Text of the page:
Saturday, October 22, 2011

Theories and cultures and midwifery, oh my!

It's my homework!  I have assignments due in my Theories class and my Health Promotion class this weekend, plus work on a Power Point and a lot of reading for my Role of Midwifery class.  The assignment for Health Promotion was to read a book from the list they provided about a culture different than my own and then write a "cultural desire" essay about it (this is basically a reflection on their culture and mine and an examination of my feelings toward other cultures, etc.).  I went back and forth between a few books, to be honest.  "The Spirit Catches You and You Fall Down" was really appealing because I deal with that type of situation often...I live miles away from the town where the book was based out of, I know the Hmong people because we have a large population of them here, and I'm a neuro nurse so seizures are right up my alley.  But then I realized that kind of defeats the purpose of this assignment...I needed to pick something TOTALLY different.  So I read this book, "A Midwife's Story", about midwifery and the Amish.

Can I just say right now that I would be totally happy to be a midwife in an Amish community?  They're a fascinating group, really!  My husband and I drove through Intercourse, PA on our way to our honeymoon spot years ago.  I bought some beautiful little things from the shops, ate some great homecooked food, and passed on through.  I was surprised at how withdrawn the Amish seemed.  The girl behind the register at one of the shops had downcast eyes and did not speak to even to me, a girl close to her age (I was 20 at the time).  I brushed it off but it always stayed with me, that although I know that their behavior is linked to their beliefs, the women seemed on the oppressed side.

This book was not only very enjoyable, but a real eye-opener.  The midwife in the story (a true story, by the way) was not Amish, wore pants, and wasn't religious...and yet she was accepted into their fold with open arms because of the work she did and the respect she had for their ways.  It's a very good, light read (I read it in less than a day) if you have the time or the want-to.  It'll bring tears, so keep your handkerchief close.

For Theories my group is exploring the middle-range theory of Comfort as it relates to a broad scope of health situations.  I'm stoked about the journal articles we chose, and my work on that is almost done for this module.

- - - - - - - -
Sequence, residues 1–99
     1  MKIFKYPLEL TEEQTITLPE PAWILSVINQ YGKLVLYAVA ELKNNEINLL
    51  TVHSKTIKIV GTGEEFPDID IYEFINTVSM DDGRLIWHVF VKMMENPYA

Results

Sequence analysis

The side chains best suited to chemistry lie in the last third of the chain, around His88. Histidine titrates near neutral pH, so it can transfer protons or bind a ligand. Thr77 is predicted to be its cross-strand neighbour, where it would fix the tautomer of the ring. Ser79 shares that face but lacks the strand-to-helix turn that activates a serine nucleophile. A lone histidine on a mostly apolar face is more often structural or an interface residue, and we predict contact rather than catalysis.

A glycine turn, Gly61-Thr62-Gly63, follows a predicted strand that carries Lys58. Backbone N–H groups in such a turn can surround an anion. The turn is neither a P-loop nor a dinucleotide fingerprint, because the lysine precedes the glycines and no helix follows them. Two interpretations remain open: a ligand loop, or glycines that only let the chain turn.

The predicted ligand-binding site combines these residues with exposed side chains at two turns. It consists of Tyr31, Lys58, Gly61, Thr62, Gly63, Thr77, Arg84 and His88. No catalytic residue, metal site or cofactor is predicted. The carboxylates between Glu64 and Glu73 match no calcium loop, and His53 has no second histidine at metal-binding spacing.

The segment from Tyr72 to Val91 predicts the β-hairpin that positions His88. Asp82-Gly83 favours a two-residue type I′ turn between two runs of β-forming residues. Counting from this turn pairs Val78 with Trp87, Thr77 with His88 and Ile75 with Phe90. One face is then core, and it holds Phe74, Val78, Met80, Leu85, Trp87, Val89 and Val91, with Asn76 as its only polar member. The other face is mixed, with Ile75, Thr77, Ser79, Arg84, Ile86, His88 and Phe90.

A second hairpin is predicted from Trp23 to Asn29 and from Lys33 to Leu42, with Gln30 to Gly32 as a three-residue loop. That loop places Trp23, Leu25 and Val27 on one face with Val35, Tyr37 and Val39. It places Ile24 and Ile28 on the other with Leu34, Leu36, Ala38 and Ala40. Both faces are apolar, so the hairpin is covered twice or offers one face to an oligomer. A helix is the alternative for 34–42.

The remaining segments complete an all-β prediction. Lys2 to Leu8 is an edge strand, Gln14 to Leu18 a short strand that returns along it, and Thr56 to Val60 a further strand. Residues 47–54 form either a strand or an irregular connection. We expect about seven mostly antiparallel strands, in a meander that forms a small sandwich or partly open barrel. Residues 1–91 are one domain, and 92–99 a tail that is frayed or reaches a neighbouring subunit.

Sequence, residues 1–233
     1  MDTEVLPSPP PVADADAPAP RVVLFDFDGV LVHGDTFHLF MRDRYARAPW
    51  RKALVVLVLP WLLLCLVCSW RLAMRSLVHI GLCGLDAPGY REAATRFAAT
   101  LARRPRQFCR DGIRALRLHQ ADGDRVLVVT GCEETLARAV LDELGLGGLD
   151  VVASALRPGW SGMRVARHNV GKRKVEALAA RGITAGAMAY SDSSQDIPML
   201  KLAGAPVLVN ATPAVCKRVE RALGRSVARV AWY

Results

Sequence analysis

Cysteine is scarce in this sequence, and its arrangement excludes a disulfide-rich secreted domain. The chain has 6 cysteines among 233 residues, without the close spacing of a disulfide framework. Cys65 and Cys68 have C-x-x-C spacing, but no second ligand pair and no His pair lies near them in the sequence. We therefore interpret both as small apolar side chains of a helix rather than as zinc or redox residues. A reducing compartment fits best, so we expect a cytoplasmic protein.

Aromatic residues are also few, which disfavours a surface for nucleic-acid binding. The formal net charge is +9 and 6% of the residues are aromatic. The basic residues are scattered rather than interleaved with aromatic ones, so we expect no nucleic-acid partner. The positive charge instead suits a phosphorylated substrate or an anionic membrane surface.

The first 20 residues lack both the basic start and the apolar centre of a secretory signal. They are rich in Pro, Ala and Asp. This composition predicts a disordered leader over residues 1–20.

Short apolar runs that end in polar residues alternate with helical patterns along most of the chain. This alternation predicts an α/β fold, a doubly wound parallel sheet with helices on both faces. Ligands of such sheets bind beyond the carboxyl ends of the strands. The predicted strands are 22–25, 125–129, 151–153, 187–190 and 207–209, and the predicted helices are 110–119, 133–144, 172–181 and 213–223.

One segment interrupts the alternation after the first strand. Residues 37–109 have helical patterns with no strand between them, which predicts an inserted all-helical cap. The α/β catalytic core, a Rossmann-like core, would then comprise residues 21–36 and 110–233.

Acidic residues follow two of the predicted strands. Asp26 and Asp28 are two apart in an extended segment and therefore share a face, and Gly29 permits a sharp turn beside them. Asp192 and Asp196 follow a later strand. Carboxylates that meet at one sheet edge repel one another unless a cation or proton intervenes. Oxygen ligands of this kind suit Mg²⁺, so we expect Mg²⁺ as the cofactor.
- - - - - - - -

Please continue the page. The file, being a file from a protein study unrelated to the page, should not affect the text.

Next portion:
Speaking of my Health Promotion class, I have to journal this week on my self-management plan, which was starting jogging three days per week.  Like my Whole30, I'm really proud that I've stuck with this.  I find that C25K has been very helpful in keeping me on track with my goals.  I bump up the intensity today, going from running in 60 second increments to 90 second increments.  My knees are still a little sore, nothing bad, but from the people I've talked to and the stuff I've found on the web, it sounds like I need to be fitted for some new shoes.  I hear it can make all the difference in knee pain.  The pair of shoes I have now are nearly new, but I can save those for walking to the park with the kids or whatever.  Seems like I need some real running shoes to haul my big self around with less pain.

The weather is lovely this morning...partly cloudy, somewhere in the high 60's to low 70's...I'm going to get a bite of breakfast and run while it's cool.

P.S.  I'm going through a certain blog/site called The Clothes Make the Girl...she has a ton of clean recipes and I'm feeling the need for something out of my ordinary.  I found this recipe for her Paleo Pad Thai, and I'm nearly giddy with the excitement of trying it!!  Hello, comfort food!!


AtYourCervix said...

I also did my cultural paper on that book! Awesome book too.

Jessica said...

I don't know why, but I found myself under the impression that nothing bad ever happened to the Amish...weird thought, I know, but I've never seen a delayed Amish child or a handicapped Amish adult. Maybe because they're so quiet to the "English" that I hadn't noticed? Anyway, the book really helped me understand them better, to realize that they have the same problems and struggles and defeats and triumphs as we do, they just show it differently. And I thoroughly enjoyed it as you did. :)